Given enough players, each side can choose a player to act as Overall Commander, who spends the game issuing orders from his camp and expecting them to be interpreted as closely as possible. The other players aren’t allowed to talk to each other unless their respective Generals are within 30cm of each other on the battleﬁeld. The Overall Commander should also be represented by a (suitably impressive) token on the tabletop, allowing direct exchange with individual Generals within range. At all other times, orders are given in written note form only and should be kept simple. The Overall Commander issues all of his orders before his sub-commanders. The Umpire should collate all of the notes to be passed around the ﬁeld of battle and assess them for brevity. Edits should be made where necessary and a Command roll for each note made in private to see if it is delivered whole, in part, or not at all. Use the highest Command value for the race nominated as Overall Commander on the allied side. (The Overall Commander should be of a Race represented by at least one of the allied armies.) A variation would be verbal commands issued to sub-commanders; again via the Umpire. In this case, the Army Commander issues the order to the Umpire, who carries it to the intended player, or not as the case may be. Use of command rolls can again be applied to misplace or even misdirect orders! (My favourite blunder is giving one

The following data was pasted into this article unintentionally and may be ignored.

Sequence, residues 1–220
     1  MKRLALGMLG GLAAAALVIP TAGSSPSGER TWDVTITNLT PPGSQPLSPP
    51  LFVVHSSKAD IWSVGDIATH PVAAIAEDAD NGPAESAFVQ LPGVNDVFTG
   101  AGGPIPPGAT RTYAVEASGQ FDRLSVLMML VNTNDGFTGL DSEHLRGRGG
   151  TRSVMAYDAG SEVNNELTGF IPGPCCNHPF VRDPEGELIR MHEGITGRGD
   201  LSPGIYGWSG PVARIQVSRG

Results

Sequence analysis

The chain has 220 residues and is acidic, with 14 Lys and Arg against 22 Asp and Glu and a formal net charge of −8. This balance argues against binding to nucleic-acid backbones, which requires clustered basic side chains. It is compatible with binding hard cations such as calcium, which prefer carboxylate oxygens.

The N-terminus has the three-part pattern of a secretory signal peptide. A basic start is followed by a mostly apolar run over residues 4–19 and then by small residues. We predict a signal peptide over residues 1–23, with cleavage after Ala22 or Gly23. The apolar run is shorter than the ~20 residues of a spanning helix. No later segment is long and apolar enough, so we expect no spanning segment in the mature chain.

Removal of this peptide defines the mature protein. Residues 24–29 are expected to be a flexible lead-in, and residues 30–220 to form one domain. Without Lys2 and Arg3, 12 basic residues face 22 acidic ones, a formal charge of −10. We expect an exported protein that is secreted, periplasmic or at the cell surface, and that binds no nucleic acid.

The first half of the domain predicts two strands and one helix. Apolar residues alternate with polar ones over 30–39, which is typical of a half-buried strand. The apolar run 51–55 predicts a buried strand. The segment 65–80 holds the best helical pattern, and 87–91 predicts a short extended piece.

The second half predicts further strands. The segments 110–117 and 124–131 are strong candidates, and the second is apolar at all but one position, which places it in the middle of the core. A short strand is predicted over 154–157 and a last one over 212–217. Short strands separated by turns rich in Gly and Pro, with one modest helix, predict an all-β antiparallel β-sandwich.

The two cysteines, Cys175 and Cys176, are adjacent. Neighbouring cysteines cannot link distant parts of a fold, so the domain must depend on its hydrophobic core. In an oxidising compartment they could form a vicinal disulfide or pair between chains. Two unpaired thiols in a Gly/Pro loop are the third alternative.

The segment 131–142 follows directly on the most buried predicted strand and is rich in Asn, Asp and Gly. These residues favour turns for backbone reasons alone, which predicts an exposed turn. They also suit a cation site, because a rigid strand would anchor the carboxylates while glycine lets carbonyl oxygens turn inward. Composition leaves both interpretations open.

Although some Races in the Warhammer universe lend themselves to inﬁghting and general insubordination in the lower ranks, you’ll ﬁnd that there is usually a strong leader at the top of the pile (he’s the one wielding the biggest stick). In some cases the leader is not always best respected by his